[Editor's note: This article was originally published in June 2003]
Patriotism these days is like Christmas—lots of people caught up in a festive atmosphere replete with lights and spectacles. We hear reminders about “the true meaning” of Christmas—and we may even mutter a few guilt-ridden words to that effect ourselves—but each of us spends more time and thought in parties, gift-giving, and the other paraphernalia of a secularized holiday than we do deepening our devotion to the true meaning.
So it is with patriotism, especially on Memorial Day in May, Flag Day in June, and Independence Day in July. Walk down Main Street America and ask one citizen after another what patriotism means and with few exceptions, you’ll get a passel of the most self-righteous but superficial and often dead-wrong answers. America’s Founders, the men and women who gave us reason to be patriotic in the first place, would think we’ve lost our way if they could see us now.
Since the infamous attacks of September 11, 2001, Americans in near unanimity have been “feeling” patriotic. For most, that sadly suffices to make one a solid patriot. But if I’m right, it’s time for Americans to take a refresher course.
Patriotism is not love of country, if by “country” you mean scenery—amber waves of grain, purple mountain majesty, and the like. Almost every country has pretty collections of rocks, water, and stuff that people grow and eat. If that’s what patriotism is all about, then Americans have precious little for which we can claim any special or unique love. And surely, patriotism cannot mean giving one’s life for a river or a mountain range.
Patriotism is not blind trust in anything our leaders tell us or do. That just replaces some lofty concepts with mindless goose-stepping.
Patriotism is not simply showing up to vote. You need to know a lot more about what motivates a voter before you judge his patriotism. He might be casting a ballot because he just wants something at someone else’s expense. Maybe he doesn’t much care where the politician he’s hiring gets it. Remember Dr. Johnson’s wisdom: “Patriotism is the last refuge of a scoundrel.”
Waving the flag can be an outward sign of patriotism, but let’s not cheapen the term by ever suggesting that it’s anything more than a sign. And while it’s always fitting to mourn those who lost their lives simply because they resided on American soil, that too does not define patriotism.
People in every country and in all times have expressed feelings of something we flippantly call “patriotism,” but that just begs the question. What is this thing, anyway? Can it be so cheap and meaningless that a few gestures and feelings make you patriotic?
Not in my book.
I subscribe to a patriotism rooted in ideas that in turn gave birth to a country, but it’s the ideas that I think of when I’m feeling patriotic. I’m a patriotic American because I revere the ideas that motivated the Founders and compelled them, in many instances, to put their lives, fortunes, and sacred honor on the line.
What ideas? Read the Declaration of Independence again. Or, if you’re like most Americans these days, read it for the very first time. It’s all there. All men are created equal. They are endowed not by government but by their Creator with certain unalienable rights. Premier among those rights are life, liberty, and the pursuit of happiness. Government must be limited to protecting the peace and preserving our liberties, and doing so through the consent of the governed. It’s the right of a free people to rid themselves of a government that becomes destructive of those ends, as our Founders did in a supreme act of courage and defiance more than two hundred years ago.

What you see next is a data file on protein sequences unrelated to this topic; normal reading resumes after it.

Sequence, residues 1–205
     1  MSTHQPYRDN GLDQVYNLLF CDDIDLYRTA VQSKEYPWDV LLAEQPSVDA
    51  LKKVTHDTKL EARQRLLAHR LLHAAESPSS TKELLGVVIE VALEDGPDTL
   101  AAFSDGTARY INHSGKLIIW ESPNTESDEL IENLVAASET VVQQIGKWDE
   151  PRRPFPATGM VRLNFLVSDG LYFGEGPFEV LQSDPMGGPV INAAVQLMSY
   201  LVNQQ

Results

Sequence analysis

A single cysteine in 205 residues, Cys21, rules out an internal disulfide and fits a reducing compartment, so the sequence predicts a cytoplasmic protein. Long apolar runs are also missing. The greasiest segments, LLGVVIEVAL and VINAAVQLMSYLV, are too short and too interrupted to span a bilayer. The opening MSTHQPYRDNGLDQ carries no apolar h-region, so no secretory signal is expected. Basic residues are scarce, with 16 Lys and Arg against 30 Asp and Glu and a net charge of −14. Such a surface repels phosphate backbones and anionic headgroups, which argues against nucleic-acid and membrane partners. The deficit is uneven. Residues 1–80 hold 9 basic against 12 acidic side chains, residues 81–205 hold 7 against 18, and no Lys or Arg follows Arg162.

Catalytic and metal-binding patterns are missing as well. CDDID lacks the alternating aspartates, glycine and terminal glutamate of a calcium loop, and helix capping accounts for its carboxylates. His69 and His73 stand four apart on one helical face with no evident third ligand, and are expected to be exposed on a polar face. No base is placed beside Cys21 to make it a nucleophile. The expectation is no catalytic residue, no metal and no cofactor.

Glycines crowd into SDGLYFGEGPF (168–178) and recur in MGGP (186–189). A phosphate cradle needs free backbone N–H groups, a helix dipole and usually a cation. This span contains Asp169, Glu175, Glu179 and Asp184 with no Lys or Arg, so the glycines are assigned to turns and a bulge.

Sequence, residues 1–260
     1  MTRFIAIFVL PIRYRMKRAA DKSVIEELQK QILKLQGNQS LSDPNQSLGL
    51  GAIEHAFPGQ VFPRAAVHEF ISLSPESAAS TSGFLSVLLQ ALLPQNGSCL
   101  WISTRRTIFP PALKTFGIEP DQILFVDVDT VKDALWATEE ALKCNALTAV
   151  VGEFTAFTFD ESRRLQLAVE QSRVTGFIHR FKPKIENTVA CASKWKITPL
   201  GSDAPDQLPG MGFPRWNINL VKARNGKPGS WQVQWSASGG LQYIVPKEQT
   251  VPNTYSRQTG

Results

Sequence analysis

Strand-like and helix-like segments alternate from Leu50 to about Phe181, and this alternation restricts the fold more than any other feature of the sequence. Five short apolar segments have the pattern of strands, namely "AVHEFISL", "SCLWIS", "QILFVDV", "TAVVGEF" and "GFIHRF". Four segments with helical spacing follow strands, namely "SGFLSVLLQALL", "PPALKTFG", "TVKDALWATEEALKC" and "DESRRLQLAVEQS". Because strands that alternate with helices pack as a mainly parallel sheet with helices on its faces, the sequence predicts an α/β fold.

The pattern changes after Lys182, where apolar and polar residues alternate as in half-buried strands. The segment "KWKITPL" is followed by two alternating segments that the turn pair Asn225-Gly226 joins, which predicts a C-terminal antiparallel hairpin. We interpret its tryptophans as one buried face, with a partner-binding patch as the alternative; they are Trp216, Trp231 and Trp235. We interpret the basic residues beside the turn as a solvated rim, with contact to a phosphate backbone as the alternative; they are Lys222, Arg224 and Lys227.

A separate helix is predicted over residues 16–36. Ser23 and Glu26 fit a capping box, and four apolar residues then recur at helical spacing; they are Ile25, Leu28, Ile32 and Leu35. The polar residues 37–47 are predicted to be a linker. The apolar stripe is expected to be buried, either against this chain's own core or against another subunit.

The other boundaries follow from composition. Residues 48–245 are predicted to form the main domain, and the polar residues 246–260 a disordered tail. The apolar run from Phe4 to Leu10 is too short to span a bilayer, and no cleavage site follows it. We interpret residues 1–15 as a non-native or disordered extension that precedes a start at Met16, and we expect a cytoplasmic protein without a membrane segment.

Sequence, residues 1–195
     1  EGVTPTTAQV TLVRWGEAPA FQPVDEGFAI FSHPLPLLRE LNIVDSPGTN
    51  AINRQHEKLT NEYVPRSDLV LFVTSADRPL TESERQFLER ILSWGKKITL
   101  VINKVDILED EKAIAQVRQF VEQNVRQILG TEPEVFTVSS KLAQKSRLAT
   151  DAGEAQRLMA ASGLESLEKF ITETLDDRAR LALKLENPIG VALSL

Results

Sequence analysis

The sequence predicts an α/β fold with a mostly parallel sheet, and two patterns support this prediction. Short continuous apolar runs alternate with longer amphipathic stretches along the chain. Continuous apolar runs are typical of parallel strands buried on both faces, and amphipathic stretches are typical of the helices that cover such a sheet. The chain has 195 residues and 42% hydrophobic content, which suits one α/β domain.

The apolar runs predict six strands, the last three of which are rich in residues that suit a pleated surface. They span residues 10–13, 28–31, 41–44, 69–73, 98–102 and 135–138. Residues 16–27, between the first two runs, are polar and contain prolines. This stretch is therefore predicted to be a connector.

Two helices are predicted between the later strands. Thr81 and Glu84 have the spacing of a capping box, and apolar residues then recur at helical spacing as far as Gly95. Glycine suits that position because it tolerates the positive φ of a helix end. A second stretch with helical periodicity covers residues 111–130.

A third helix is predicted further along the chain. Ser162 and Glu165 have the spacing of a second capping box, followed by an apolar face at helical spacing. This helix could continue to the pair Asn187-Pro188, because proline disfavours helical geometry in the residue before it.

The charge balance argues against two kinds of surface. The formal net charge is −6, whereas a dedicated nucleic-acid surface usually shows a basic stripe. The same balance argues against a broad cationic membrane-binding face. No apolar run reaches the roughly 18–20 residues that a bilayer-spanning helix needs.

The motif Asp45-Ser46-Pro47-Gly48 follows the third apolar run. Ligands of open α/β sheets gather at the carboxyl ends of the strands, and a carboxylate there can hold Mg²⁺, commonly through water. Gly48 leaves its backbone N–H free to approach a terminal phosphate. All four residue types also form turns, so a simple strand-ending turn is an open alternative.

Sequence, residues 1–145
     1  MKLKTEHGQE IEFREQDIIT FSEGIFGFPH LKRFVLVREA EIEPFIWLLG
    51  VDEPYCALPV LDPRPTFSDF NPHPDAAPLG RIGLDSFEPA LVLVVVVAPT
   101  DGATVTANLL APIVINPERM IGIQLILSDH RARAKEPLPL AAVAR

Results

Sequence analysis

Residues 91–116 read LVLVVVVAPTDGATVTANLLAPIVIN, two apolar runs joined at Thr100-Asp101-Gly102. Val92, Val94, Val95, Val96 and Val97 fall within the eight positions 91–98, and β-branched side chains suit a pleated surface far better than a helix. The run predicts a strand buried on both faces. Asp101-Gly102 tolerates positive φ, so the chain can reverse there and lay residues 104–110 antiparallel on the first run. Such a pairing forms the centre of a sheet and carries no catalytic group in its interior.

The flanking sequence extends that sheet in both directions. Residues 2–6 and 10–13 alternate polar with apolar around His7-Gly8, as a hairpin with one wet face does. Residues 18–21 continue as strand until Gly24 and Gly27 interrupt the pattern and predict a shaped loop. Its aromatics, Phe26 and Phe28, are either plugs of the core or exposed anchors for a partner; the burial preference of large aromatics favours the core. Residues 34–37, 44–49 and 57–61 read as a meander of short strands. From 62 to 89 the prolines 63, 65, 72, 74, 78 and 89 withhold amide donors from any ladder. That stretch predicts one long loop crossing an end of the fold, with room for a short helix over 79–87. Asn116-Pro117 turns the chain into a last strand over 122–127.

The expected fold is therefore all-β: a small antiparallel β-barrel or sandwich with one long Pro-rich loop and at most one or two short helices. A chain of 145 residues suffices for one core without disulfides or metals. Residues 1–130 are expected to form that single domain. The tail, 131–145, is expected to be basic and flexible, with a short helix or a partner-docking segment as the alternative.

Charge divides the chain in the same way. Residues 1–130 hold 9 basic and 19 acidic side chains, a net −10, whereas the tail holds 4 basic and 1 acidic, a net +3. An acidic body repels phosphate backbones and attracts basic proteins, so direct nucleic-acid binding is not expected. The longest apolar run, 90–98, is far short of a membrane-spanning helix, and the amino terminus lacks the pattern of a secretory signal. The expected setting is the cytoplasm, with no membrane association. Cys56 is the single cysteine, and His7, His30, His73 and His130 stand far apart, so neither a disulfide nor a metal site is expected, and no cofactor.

Call it freedom. Call it liberty. Call it whatever you want, but it’s the bedrock on which this nation was founded and from which we stray at our peril. It’s what has defined us as Americans. It’s what almost everyone who has ever lived on this planet has yearned for. It makes life worth living, which means it’s worth fighting and dying for.
An American Spin
I know that this concept of patriotism puts an American spin on the term. But I don’t know how to be patriotic for Uganda or Paraguay. I hope the Ugandans and Paraguayans have lofty ideals they celebrate when they feel patriotic, but whether or not they do is a question you’ll have to ask them. I can only tell you what patriotism means to me as an American.
I understand that America has often fallen short of the superlative ideas expressed in the Declaration. That hasn’t diminished my reverence for them, nor has it dimmed my hope that future generations of Americans will be re-inspired by them.
This brand of patriotism, in fact, gets me through the roughest and most cynical of times. My patriotism is never affected by any politician’s failures, or any shortcoming of some government policy, or any slump in the economy or stock market. I never cease to get that “rush” that comes from watching Old Glory flapping in the breeze, no matter how far today’s generations have departed from the original meaning of those stars and stripes. No outcome of any election, no matter how adverse, makes me feel any less devoted to the ideals our Founders put to pen in 1776. Indeed, as life’s experiences mount, the wisdom of what giants like Jefferson and Madison bestowed on us becomes ever more apparent to me. I get more fired up than ever to help others come to appreciate the same things.